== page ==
There are even more options than that; the test man page has more details.

An Easier Test Syntax

The test command is used so much that Bash has the “square brackets” [ ] shortcut.

if [ conditions ]; then


Anything between the square brackets is considered a test. The test to see whether /usr/bin/nginx is executable would then be

if [ -x /usr/bin/nginx ]; then
echo nginx is executable

Newer versions of Bash can also use two square brackets:

if [[ -x /usr/bin/nginx ]]; then
echo nginx is executable

The new style is more forgiving of errors, such as if you’re using a variable that’s unset. An unset variable has not been assigned a value and therefore contains nothing when you try to reference its contents. If you’re dealing entirely with Linux systems, it is the safer option to use.

The syntax of this style is important. There must be a space before and after the opening square bracket and a space before the closing square bracket. The space after the closing square bracket is optional because the semicolon or line ending is enough to tell the shell that the test has finished. The shell can’t differentiate between the square brackets and the test itself if the spaces are missing. Thus the following commands are invalid:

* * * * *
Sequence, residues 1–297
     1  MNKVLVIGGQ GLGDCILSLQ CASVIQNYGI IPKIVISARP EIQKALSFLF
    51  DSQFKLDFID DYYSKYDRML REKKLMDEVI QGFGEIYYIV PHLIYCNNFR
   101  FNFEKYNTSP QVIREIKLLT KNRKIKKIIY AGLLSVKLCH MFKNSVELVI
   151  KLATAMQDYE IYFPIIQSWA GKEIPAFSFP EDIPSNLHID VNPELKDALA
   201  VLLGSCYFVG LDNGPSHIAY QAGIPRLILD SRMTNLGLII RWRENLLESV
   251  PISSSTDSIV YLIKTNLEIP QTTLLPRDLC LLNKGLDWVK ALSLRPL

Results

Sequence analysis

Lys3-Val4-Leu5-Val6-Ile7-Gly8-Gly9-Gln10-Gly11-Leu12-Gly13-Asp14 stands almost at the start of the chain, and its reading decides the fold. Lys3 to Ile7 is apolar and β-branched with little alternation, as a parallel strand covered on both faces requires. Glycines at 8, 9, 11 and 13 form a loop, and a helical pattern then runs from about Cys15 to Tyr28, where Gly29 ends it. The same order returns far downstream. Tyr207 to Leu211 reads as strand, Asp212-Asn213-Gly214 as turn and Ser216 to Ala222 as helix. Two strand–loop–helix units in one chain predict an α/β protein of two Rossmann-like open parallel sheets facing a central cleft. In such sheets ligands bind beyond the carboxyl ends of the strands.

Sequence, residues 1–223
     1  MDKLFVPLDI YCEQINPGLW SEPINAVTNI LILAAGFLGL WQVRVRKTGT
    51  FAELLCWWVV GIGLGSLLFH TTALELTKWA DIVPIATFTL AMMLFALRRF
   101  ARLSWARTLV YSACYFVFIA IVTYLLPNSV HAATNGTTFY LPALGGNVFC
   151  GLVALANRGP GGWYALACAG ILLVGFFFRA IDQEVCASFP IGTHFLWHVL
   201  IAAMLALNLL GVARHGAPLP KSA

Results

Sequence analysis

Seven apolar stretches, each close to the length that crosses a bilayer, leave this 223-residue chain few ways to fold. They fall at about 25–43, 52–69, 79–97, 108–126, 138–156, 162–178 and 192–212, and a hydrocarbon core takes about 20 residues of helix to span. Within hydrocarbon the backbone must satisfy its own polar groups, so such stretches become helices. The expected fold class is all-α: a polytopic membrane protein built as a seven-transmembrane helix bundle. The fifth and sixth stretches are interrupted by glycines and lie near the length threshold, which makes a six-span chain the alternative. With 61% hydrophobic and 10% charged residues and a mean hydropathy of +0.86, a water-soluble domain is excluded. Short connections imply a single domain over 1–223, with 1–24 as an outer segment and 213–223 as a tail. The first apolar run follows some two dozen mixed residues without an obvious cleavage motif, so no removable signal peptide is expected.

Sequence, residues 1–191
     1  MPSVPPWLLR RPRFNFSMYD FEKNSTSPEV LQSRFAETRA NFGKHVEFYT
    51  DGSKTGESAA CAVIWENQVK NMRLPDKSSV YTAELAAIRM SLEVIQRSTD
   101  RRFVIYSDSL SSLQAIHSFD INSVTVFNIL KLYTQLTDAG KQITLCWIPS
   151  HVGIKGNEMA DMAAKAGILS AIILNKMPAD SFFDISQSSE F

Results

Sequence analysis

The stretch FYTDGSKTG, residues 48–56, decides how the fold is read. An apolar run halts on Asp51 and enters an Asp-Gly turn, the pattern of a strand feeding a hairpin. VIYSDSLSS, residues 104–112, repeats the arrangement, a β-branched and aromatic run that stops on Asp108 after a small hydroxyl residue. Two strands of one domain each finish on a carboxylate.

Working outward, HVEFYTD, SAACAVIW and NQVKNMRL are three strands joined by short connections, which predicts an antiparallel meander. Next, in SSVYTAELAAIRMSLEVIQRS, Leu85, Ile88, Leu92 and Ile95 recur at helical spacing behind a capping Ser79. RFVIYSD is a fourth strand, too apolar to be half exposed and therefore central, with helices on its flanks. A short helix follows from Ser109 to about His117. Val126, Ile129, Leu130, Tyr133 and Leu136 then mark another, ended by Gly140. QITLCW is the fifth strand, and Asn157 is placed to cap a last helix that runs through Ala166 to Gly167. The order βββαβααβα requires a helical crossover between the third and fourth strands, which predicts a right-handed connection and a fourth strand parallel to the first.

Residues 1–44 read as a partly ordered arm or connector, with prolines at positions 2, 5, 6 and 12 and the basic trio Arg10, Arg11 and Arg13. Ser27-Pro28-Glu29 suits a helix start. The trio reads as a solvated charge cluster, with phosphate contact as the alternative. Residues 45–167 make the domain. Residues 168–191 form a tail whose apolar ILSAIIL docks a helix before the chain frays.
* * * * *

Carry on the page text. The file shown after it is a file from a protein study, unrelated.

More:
if[[ -x /usr/bin/nginx ]]; # no space before first brackets
if [[-x /usr/bin/nginx ]]; # no space after first brackets
if [[ -x /usr/bin/nginx]]; # no space before final brackets

Testing Strings

Words, also known as strings, can be easily tested, too.

echo -n "Say something: "
if [[ -z $STRING ]]; then
echo "You didn't say anything"
echo Thanks for that

The first line prints a prompt to the screen; the -n option eliminates the newline at the end. The read command stores the data gathered from stdin (typically data typed by the user) and places the input into the variable called STRING.